Northern Corn Leaf Blight (NCLB) is caused by Exserohilum turcicum, a foliar fungal pathogen, which can be found in corn-producing regions around the world (Wise, 2011). NCLB manifests as lesions and tissue necrosis across large areas of leaves, resulting in reduced photosynthesis. Consequently, there is great potential for yield loss (up to 30%), particularly when lesions develop early in the growing season or when lesions reach the ear leaf or higher during two weeks before and after tasseling. Once infected, plants continually shed NCLB fungal spores throughout the growing season, and during periods of high humidity and moderate temperatures, large NCLB outbreaks can occur. The disease is difficult to control because the fungus overwinters on corn residue, but tilling, annual crop rotation, or the use of NCLB resistant corn varieties may help reduce the chances of an outbreak (Wise, 2011). Fungicides are also effective against NCLB, but no disease thresholds for fungicide application have been established because the relationship between disease severity and loss of yield is unclear for most corn varieties.
One problem for managing fungal pathogens like NCLB is that accurate diagnosis can be difficult in the field. The symptoms of NCLB can be mistaken for several other pathogens. For example, lesions manifest as tan or gray streaks that form parallel to the leaf margins, which are similar features to other foliar fungal diseases such as Diplodia Leaf Streak and Gray Leaf Spot. Additionally, symptoms of foliar bacterial diseases such as Stewart’s wilt, Goss’s wilt, and Bacterial Corn Streak can produce similar symptoms. Since fungicides are not effective against bacterial pathogens, misdiagnosis could lead to further financial loss through inappropriate fungicide application. Further adding to the confusion of visual diagnosis is that the physical appearance of lesions from the same disease can look different across corn varieties that differ in susceptibility to NCLB. With current laboratory protocols, producers may have to wait weeks for proper diagnosis because testing facilities use time-consuming or labor-intensive methods, such as waiting for cultures to grow to view fungal structures under a microscope. Thus, there is a need to develop a NCLB test that provides faster results, so producers have time to decide and budget for purchasing resistant varieties before planting (e.g., NCLB positive soil test) or purchasing fungicides on more susceptible varieties during the growing season.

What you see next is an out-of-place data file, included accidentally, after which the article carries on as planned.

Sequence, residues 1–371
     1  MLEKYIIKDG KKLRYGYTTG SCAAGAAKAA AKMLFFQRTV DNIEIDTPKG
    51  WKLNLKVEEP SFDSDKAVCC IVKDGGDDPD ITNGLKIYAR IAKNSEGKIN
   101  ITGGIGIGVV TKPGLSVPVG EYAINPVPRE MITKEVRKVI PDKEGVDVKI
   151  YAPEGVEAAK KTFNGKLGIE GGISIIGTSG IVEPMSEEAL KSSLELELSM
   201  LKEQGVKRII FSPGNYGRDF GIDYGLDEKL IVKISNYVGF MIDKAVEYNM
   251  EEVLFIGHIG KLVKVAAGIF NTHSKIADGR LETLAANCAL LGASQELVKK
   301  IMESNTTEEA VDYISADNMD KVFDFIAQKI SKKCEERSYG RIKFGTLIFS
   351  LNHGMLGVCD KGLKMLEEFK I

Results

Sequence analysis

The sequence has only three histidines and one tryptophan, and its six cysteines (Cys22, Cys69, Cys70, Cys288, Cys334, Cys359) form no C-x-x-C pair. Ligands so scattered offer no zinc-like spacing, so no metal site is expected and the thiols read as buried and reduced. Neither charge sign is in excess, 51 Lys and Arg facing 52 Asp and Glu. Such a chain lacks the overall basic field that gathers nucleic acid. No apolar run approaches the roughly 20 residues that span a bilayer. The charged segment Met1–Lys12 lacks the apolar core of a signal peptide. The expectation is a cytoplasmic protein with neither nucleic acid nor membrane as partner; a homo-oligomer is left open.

Here at the National Agricultural Genotyping Center (NAGC), we have already validated pathogen detection assays for Bacterial Corn Streak and Goss’s Wilt, two diseases that cannot be treated with fungicides, but symptoms closely resemble NCLB in the field. Surprisingly, there appears to be no peer-reviewed studies that have developed an assay to detect NCLB. NAGC has developed a quantitative PCR assay to detect NCLB in both infected plant and soil samples.
This project was funded by the National Corn Growers Association and the North Dakota Corn Utilization Council.
Wise, K. 2011. Diseases of corn: Northern Corn Leaf Blight [Online]. Purdue University Extension. Available: www.extension.purdue.edu/extmedia/bp/bp-84-w.pdf.